Sunday, August 17, 2008

And speaking of my gay agenda: California's Proposition 8

to wit, "Let's you and me duke it out some more over whether your marriage is valid, even though mine is completely safe no matter what happens and the state Supreme Court already ruled in your favor: fair's fair."

No, okay, the basics:

A number of developments arose in the wake of Mayor Gavin Newsom's 2004 decision to perform same sex marriages in San Francisco. The marriages were soon annulled by the courts, but San Francisco began a legal challenge that was consolidated with other cases as In re Marriage Cases. On May 15, 2008 the California Supreme Court, by a vote of 4–3, ruled in that case to strike down Proposition 22 and all other prohibitions on same-sex marriage, as violating the state constitution, and ordered the state to begin processing same-sex marriages as of June 17, 2008.[5] The court subsequently refused to issue a stay of its order. [6]

While the case was under way, Governor Arnold Schwarzenegger vetoed two legislative bills approving same-sex marriage. Anticipating that either the courts or the legislature might overturn Proposition 22, opponents of same-sex marriages introduced a number of unsuccessful attempts to place a constitutional amendment before voters that would prohibit same-sex marriages—and in some cases, domestic partnerships as well.[7] Prior to 2008, none had made it to the ballot.

In late 2007 and 2008, at least four different groups sponsored new ballot initiatives for a constitutional amendment prohibiting same-sex marriages. The one that did obtain enough signatures,[8] is the "California Marriage Protection Act"[9] (officially titled the "Limit on Marriage" Constitutional Amendment by the California Attorney General), sponsored by[10].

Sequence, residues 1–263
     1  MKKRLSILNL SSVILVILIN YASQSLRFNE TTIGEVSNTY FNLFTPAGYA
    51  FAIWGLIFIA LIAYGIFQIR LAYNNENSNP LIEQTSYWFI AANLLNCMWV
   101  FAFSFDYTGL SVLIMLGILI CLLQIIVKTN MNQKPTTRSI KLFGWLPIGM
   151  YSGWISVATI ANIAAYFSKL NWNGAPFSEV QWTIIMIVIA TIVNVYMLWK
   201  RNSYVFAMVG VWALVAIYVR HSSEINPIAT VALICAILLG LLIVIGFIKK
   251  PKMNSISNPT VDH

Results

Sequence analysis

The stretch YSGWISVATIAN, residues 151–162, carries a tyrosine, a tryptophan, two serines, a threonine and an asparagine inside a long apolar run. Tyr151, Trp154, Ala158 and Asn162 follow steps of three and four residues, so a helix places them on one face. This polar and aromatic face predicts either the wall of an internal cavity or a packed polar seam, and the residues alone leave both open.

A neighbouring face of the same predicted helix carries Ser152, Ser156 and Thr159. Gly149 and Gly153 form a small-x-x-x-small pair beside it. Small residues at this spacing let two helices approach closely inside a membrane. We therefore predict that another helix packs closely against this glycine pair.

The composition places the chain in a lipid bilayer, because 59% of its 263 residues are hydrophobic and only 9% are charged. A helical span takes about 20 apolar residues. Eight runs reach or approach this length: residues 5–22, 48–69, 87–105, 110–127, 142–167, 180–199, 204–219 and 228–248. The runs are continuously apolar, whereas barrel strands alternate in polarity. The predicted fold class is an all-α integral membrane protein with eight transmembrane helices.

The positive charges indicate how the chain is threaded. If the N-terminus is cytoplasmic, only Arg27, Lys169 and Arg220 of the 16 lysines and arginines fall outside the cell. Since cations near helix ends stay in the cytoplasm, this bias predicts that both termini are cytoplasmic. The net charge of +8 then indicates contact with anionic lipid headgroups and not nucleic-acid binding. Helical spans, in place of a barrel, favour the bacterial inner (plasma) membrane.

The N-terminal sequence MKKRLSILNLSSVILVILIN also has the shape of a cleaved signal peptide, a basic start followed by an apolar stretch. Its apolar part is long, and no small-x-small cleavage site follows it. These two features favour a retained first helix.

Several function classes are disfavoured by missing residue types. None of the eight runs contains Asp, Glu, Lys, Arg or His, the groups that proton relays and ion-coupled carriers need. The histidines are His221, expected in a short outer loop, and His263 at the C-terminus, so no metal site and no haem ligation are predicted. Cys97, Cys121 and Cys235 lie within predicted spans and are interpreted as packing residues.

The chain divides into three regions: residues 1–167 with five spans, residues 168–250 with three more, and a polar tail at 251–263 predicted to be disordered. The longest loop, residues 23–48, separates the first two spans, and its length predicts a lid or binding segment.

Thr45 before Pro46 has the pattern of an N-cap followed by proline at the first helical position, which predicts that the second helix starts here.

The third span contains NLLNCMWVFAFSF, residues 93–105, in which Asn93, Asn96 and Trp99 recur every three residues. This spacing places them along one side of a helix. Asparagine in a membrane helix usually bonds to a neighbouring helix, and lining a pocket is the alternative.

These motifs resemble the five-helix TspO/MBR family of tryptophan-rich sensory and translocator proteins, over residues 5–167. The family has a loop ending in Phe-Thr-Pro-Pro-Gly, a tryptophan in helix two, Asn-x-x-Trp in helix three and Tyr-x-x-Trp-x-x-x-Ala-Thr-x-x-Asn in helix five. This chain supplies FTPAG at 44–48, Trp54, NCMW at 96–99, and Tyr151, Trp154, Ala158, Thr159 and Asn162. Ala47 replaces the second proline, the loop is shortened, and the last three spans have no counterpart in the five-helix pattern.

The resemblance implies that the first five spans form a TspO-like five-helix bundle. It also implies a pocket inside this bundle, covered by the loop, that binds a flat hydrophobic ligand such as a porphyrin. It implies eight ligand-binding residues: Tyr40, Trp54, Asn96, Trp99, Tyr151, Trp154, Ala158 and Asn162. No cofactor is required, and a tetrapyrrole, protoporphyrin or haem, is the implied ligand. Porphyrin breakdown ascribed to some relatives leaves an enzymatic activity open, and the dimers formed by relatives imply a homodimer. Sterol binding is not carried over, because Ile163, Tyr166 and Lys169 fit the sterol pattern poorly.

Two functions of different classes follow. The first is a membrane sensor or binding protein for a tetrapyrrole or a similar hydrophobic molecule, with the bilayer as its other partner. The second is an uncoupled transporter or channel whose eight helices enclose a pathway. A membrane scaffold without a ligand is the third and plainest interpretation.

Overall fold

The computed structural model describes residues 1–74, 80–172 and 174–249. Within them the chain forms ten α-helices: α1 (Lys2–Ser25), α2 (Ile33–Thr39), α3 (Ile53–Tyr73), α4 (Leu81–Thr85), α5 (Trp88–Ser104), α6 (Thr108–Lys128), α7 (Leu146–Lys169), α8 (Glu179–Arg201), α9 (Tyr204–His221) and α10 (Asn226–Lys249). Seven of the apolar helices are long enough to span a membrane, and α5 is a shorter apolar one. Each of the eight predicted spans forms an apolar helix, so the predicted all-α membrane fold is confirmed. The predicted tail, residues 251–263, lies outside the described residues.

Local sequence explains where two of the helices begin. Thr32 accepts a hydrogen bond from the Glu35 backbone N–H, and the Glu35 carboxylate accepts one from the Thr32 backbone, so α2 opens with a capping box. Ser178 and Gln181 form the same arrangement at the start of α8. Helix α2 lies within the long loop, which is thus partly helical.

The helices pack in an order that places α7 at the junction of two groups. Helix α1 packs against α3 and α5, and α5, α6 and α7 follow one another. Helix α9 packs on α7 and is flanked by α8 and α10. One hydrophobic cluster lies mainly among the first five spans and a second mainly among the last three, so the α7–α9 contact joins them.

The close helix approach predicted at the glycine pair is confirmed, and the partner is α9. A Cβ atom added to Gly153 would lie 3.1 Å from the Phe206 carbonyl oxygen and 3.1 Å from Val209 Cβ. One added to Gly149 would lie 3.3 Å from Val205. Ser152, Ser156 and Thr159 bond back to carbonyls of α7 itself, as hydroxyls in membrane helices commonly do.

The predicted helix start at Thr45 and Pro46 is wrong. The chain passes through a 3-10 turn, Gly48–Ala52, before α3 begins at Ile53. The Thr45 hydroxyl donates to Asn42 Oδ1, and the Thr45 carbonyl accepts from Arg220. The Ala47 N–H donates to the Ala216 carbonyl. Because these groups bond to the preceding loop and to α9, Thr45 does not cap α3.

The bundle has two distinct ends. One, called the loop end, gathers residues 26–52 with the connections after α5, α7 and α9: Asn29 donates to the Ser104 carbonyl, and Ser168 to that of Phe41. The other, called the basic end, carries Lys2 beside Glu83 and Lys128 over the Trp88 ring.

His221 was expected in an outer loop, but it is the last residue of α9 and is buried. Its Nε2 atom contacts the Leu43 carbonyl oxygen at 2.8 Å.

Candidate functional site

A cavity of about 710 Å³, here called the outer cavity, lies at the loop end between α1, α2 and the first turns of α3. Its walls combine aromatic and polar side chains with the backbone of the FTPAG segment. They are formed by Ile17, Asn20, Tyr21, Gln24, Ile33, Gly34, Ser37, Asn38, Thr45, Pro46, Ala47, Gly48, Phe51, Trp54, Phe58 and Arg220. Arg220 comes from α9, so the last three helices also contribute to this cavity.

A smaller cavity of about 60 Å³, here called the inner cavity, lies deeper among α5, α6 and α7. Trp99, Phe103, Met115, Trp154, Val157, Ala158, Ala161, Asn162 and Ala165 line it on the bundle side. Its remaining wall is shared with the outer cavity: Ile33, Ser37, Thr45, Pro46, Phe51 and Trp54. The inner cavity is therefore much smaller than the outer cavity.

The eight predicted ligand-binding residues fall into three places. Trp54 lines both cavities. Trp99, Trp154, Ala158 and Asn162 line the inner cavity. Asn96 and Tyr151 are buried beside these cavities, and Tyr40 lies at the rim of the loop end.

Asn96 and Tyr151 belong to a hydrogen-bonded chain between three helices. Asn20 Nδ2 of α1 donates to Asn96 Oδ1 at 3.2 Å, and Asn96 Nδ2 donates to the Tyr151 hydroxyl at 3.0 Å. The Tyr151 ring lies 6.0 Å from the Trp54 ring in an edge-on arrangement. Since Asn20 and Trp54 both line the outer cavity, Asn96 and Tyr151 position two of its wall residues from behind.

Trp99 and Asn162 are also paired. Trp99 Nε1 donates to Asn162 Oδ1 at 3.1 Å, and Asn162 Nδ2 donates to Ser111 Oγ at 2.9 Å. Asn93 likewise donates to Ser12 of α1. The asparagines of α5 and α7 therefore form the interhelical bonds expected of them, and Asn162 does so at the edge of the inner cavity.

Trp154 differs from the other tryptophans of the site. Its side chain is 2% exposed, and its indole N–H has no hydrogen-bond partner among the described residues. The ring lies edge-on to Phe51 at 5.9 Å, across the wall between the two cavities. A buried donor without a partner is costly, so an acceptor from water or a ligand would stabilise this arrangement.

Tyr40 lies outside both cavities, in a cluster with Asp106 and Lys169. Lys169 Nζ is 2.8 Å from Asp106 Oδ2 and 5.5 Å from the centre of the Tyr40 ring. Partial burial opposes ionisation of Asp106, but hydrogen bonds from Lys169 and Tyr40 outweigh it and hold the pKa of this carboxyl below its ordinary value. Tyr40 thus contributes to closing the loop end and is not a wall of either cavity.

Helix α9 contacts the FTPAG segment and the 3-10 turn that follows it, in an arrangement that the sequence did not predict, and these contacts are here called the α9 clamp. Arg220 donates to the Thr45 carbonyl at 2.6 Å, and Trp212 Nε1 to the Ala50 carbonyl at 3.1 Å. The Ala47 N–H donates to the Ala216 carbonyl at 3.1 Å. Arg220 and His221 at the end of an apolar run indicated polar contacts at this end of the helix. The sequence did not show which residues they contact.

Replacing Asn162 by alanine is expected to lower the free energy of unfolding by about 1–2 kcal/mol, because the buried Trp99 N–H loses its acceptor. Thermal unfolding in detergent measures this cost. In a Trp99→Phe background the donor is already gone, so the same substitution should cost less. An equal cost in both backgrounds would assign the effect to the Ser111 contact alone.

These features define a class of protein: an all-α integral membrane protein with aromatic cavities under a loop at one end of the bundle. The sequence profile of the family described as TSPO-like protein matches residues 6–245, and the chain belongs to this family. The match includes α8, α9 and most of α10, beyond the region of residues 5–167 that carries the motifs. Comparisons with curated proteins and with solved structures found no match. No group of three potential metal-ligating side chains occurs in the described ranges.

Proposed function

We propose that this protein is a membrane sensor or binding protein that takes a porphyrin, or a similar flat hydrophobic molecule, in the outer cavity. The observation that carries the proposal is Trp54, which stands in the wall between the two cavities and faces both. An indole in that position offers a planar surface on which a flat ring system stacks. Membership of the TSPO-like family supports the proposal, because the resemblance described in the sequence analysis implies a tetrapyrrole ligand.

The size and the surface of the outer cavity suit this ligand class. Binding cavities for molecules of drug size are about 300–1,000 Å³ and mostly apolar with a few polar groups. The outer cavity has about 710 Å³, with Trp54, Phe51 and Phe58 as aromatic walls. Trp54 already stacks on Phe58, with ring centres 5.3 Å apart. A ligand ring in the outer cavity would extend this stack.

...If passed, the amendment would override the ruling in In re Marriage Cases that struck down both the 1977 law and Proposition 22.[14] The Constitution, as amended, would add a new section (Section 7.5) to Article I, placing it between the state Equal Protection clause and nondiscrimination in business and the professions. This new section would read:

Only marriage between a man and a woman is valid or recognized in California.


According to Joan Hollinger, a professor at the University of California, Berkeley, Boalt Hall School of Law, "Constitutional scholars agree that the amendment cannot be effective retroactively, so anyone married before November would be protected.

You can see how there'd be no bureaucratic headaches associated with trying to explain to various agencies how no really, YOUR same-sex marriage is valid, check the dates and the jurisdiction, etc. here, can't you? I mean, already it's clear as mud, the whole thing. You realize that because of the "state's rights" business, we're going to be going through this, if we haven't already, in every. single. state. over. and over. and over...

anyway, meanwhile, so, this one: well, you'd think it'd be a forgone conclusion that this prop's not gonna fly. Lot of people who won't go to the mat for gay folk as such aren't too jazzed about actually amending the constitution, even at the state level. The Gubernator, for instance:

] Republican California Governor Arnold Schwarzenegger stated that although he has opposed and has vetoed legislative bills that would legalize same sex marriage in California, he is opposed to the initiative and other attempts to amend the state's constitution.[34] Schwarzenegger released the following statement on May 15, 2008 regarding the ruling:

I respect the Court's decision and as Governor, I will uphold its ruling. Also, as I have said in the past, I will not support an amendment to the constitution that would overturn this state Supreme Court ruling.[35]

and some other surprises (well, depending on your POV I suppose it mightn't be):

Republican political activist Ward Connerly, the author of Proposition 209 (California's ballot initiative to ban affirmative action), stated, "For anyone to say that this is an issue for people who are gay and that this isn't about civil rights is sadly mistaken. If you really believe in freedom and limited government, to be intellectually consistent and honest you have to oppose efforts of the majority to impose their will on people."

Three of the four judges who ruled in favor of striking down Prop 22, etc. were Republican appointees.